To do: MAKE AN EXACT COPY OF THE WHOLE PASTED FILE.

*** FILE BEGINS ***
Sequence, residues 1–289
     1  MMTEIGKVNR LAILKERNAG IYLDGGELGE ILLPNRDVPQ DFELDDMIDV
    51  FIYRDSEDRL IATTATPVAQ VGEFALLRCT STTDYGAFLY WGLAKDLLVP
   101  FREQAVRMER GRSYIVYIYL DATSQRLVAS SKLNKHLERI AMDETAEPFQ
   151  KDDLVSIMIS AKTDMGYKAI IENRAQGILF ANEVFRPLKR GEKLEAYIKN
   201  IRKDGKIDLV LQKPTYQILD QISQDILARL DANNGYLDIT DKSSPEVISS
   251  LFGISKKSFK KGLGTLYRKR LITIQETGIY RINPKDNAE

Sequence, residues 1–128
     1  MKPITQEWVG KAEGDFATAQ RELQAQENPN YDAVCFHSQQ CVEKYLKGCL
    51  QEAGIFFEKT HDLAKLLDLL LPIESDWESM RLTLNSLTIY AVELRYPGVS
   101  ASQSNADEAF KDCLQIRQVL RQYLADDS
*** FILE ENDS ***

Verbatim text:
Sequence, residues 1–289
     1  MMTEIGKVNR LAILKERNAG IYLDGGELGE ILLPNRDVPQ DFELDDMIDV
    51  FIYRDSEDRL IATTATPVAQ VGEFALLRCT STTDYGAFLY WGLAKDLLVP
   101  FREQAVRMER GRSYIVYIYL DATSQRLVAS SKLNKHLERI AMDETAEPFQ
   151  KDDLVSIMIS AKTDMGYKAI IENRAQGILF ANEVFRPLKR GEKLEAYIKN
   201  IRKDGKIDLV LQKPTYQILD QISQDILARL DANNGYLDIT DKSSPEVISS
   251  LFGISKKSFK KGLGTLYRKR LITIQETGIY RINPKDNAE

Sequence, residues 1–128
     1  MKPITQEWVG KAEGDFATAQ RELQAQENPN YDAVCFHSQQ CVEKYLKGCL
    51  QEAGIFFEKT HDLAKLLDLL LPIESDWESM RLTLNSLTIY AVELRYPGVS
   101  ASQSNADEAF KDCLQIRQVL RQYLADDS